Fifthly, normally a cart is put before the horse; but what is driving the Tasmanian fox program? To date there has not been one peer-reviewed scientific paper on the field studies from a decade-long program despite the employment of large numbers of biologists, scientists and field staff and an investment of over $40 million of public funds. Forensic methods such as identification of scats and individual animal identification by DNA techniques have been used. Infra-red sensor cameras, fox-attractant lures at bait stations and night-vision equipment have all been purchased.  Since 2005, 56 DNA-positive fox faeces have been recovered by scat-detector dogs from multiple sites across the Tasmania yet those fox faeces remain unsupported by any corroborative evidence of live foxes.

What to believe?

Dave Groves HERE


Tuesday, Patrick Caruana, AAP:

By Patrick Caruana

  HOBART, AAP - Authorities in Tasmania have been hunting for a live fox almost as long as the US military has been scouring Afghanistan for Osama bin Laden, with about as much luck.

  Before 2000, it was accepted that the Apple Isle was fox-free, but authorities have found scats - fox droppings - as well as four carcasses scattered throughout the state.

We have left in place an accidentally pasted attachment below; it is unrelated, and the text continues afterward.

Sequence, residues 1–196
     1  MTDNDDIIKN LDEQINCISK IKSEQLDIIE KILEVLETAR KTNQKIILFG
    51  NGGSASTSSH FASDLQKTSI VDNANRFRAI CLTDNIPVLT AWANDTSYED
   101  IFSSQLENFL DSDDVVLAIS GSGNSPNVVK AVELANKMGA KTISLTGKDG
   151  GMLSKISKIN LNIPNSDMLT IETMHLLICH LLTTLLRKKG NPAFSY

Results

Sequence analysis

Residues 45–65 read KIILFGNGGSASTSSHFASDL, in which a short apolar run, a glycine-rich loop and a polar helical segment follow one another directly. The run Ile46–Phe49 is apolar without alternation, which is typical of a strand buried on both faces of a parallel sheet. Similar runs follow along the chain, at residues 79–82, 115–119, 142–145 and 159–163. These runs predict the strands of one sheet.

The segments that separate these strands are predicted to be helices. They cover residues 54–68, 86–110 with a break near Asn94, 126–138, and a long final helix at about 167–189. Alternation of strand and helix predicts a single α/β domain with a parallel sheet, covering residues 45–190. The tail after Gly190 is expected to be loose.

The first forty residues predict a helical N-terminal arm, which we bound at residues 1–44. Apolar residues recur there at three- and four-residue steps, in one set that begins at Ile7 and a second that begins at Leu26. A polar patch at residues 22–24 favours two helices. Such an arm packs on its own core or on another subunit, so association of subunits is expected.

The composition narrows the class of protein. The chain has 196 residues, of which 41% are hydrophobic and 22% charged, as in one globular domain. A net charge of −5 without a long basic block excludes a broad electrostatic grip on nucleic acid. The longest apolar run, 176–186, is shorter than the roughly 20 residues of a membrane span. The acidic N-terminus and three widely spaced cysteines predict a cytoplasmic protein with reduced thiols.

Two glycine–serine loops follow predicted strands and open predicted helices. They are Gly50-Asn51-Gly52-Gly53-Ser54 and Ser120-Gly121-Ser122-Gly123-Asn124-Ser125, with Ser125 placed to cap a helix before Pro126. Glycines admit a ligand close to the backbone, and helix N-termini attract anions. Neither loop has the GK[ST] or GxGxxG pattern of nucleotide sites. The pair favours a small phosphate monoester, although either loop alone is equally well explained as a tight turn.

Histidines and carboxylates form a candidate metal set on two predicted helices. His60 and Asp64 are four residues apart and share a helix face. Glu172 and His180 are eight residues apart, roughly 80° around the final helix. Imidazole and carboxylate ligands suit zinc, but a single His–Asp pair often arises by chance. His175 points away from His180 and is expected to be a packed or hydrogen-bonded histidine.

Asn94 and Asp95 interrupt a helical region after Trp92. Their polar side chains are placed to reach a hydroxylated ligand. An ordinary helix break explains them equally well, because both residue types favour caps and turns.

An extensive baiting program began to eradicate the pest, which plagues many parts of mainland Australia, but a live fox is yet to be found.

  According to official figures, in the four years up to June 2011, a program which has uncovered 56 scats will have cost the taxpayer more $20 million.

  That’s more than $300,000 a turd.

  However, the problem would be more costly if foxes took hold, according to Alan Johnston, the fox eradication program manager at the Tasmanian Department of Primary Industries and Wildlife.

  “We still believe there is a relatively small fox problem in the state,” Mr Johnston tells AAP.

  “There is, however, overwhelming evidence to suggest there are foxes in the state and we’re acting on that basis.

  “We’re also well aware that if foxes get established in the state the impacts will be significant.

  “The evidence says they’re there and we need to get on and do something now while we’ve got the opportunity to do it.”

  But Clive Marks, the former head of the Victorian government’s Vertebrate Pest Research Department, says he has seen no conclusive proof.

  “What I’ve said is that either foxes are completely established in Tasmania and we’ll never get rid of them, or they’re not there at all,” Dr Marks tells AAP.

  “This incredible paradigm is really related to the lack of irrefutable evidence and the lack of knowledge that the program has produced.